Vancouver
3 min

Diluting the gay village?

The BIA's proposed expansion worries me

Am I the only one worried about the Davie Village Business Improvement Association’s (BIA) proposed expansion?

The expansion plans, which would see the BIA increase its territory from the heart of the Village down to Denman St and north to Robson and Coal Harbour, were formally pitched in February 2005, but they’ve been in the works for a while.

I remember when they were barely a twinkle in then-BIA president Randy Atkinson’s eye.

When he first told me about the prospect of extending the rainbow banners to English Bay and claiming more of the gay community’s territory, I thought it was a great idea. A bigger gay village–encompassing, acknowledging and celebrating more of the space we already live in, play in, work in, congregate in–what’s not to like?

But the plans have shifted since then.

The idea of extending the rainbows down Davie and throughout the new territory has been dropped. As BIA director Lyn Hellyar readily admits, many merchants in the proposed expansion areas recoiled at the idea of joining the “pink village.”

So the BIA backed off and instead put itself forward as a sort of umbrella organization, eager to serve four different sub-regions, each with its own distinct identity and branding.

Now I’m not opposed to distinct sub-regions, but I am worried about what this could someday mean for the Village. Will the BIA water down the Village’s gay identity to seem less threatening to the territories it’s hoping to annex?

Already, the BIA seems to be edging away from its gay roots and its commitment to recognizing and marketing the Village as the heart of Vancouver’s gay community.

Just look at its new Disneyesque mascot, Dee Dee. What does a gender-unambiguous girl in a childish yellow jumper and big pigtails have to do with the gay community? I mean, I guess she’s cute enough in a Cabbage Patch doll sort of way, but she sure doesn’t say gay to me.

Then there’s the BIA’s website.

Yes, it features the rainbow banners and, yes, it mentions the gay presence in the Village and even the Village’s gay history, named as it is after BC’s first gay premier, Alexander Batson Davie.

But it never names the area as Vancouver’s gay village. Instead, it just lists us as one of several “colourful” communities in the area.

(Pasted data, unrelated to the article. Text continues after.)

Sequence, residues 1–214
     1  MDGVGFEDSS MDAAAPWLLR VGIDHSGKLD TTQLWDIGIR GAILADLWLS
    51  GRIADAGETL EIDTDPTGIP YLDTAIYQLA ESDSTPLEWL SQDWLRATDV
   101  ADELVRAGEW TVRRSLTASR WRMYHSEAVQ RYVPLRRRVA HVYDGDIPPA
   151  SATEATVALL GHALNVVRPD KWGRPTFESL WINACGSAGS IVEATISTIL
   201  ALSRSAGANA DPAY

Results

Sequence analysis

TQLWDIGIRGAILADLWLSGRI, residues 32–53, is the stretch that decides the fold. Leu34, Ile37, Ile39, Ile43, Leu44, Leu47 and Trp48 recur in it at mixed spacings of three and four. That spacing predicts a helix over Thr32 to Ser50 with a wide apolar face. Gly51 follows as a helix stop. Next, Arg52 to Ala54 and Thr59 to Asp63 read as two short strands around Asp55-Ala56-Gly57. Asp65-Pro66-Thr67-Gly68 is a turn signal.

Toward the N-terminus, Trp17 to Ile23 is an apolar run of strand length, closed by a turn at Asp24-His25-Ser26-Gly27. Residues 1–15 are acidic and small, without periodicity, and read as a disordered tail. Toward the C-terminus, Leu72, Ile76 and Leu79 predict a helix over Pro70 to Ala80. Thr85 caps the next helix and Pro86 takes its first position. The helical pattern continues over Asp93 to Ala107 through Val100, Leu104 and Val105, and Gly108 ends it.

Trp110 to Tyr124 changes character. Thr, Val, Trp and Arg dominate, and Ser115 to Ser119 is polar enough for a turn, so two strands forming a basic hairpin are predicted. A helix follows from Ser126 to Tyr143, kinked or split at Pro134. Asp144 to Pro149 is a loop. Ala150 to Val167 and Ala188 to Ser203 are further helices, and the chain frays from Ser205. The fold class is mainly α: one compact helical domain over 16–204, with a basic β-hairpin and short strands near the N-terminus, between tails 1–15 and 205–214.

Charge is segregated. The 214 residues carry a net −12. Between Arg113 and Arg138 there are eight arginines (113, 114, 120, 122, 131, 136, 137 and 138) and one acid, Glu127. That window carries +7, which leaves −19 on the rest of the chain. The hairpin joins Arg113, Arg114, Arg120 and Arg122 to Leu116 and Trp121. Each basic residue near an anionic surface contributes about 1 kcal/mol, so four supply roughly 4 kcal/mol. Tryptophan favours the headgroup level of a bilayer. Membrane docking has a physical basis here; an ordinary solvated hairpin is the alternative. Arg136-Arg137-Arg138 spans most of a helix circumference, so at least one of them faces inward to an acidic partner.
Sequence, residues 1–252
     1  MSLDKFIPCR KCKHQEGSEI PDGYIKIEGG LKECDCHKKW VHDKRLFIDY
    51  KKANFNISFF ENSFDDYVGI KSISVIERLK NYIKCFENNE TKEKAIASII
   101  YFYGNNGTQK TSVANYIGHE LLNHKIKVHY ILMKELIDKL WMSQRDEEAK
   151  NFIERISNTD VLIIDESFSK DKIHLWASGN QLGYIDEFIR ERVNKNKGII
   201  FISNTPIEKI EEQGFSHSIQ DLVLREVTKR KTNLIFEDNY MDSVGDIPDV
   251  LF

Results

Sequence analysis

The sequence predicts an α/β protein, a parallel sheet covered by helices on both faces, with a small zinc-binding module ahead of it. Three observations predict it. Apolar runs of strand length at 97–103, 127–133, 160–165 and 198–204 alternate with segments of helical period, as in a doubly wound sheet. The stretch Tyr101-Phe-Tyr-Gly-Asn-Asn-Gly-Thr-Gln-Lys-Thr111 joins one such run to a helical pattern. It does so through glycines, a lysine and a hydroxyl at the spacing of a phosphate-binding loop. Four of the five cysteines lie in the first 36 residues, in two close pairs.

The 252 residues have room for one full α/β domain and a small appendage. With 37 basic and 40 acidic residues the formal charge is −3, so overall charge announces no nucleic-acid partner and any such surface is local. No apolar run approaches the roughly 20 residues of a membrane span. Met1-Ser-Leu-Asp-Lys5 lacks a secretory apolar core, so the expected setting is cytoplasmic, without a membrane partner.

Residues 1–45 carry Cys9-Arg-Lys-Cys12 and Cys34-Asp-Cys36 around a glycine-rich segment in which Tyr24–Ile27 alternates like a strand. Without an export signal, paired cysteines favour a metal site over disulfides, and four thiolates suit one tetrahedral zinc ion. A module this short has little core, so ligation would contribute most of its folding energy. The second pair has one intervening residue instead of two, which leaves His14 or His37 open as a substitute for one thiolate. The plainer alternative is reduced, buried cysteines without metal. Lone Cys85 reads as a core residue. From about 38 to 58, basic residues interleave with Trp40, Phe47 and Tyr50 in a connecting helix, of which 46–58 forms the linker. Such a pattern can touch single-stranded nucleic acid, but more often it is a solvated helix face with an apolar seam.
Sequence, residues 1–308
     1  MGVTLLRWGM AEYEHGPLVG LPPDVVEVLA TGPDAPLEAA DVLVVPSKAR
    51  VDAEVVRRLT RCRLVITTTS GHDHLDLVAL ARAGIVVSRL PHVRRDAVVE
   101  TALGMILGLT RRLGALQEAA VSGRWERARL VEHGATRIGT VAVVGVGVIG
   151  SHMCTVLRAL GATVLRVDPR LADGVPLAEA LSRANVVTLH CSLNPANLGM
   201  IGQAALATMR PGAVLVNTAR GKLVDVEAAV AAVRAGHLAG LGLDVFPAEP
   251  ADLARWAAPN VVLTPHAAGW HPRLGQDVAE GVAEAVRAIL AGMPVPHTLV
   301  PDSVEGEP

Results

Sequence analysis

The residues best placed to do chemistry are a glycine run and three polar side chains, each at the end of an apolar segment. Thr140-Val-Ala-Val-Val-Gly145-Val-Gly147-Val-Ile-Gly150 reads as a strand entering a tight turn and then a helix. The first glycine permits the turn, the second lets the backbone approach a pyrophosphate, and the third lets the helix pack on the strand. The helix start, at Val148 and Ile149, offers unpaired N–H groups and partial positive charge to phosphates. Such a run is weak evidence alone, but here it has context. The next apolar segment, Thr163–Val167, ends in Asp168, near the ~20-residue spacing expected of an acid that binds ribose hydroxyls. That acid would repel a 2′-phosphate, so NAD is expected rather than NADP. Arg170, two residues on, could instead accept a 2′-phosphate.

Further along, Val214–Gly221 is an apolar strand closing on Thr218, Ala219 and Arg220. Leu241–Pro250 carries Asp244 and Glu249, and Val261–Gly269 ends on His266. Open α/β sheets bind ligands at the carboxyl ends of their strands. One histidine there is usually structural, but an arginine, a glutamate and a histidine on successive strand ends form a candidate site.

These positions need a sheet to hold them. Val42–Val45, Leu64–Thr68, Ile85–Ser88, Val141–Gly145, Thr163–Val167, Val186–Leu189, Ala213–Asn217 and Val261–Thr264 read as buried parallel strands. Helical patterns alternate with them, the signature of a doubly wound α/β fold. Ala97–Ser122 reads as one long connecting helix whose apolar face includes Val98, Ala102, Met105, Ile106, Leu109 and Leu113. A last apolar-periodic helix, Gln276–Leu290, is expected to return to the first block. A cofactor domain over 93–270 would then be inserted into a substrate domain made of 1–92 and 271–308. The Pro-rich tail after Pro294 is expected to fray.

And that worries me.

“I am just one person,” says Hellyar, when I ask about the website. She plans to change it, she says, but right now she’s swamped with expansion work.

Still, she swears the Village’s gay identity is neither in question nor in danger of dilution. As long as she’s here, she says, the Village will remain gay and its rainbow banners will keep flying.

To be fair, she has never told me differently. She has consistently tried to reassure me, as have BIA president Vince Marino, and past president James Steck. They all say the BIA’s gay identity is secure. They even passed a resolution at last year’s annual general meeting–which they reaffirmed this September–to “empower the representatives of the existing Davie Village area to determine the identity of the Village.”

So why am I not convinced?

When I ask Hellyar why there were no drag queens this year on the main stage at Davie Day, she says they were on smaller stages nearby, and points to American gay headliner Ari Gold, whom they brought in to perform on the main stage.

Then in the next breath she reminds me that the BIA is there to promote all its businesses–not just the gay ones. So Davie Day can’t be all gay, she explains, because the point is to draw visitors who would not normally come to the Village. Hence the kids’ corner and the more multicultural feel.

She’s right: the BIA is there to promote its members’ interests–that’s what a BIA does. But I can’t help feeling that our BIA used to be more dedicated to embracing and promoting the Village’s gay identity. Remember, it grew out of the Gay and Lesbian Business Association and its members’ desire to create a more visible gaybourhood, rainbows and all.

Sure, it’s gone through some less gay phases since, but it has always come back to its roots.

Now, as the BIA jumps slowly through the city’s hoops towards expansion, I can’t help wonder how deeply those roots really run.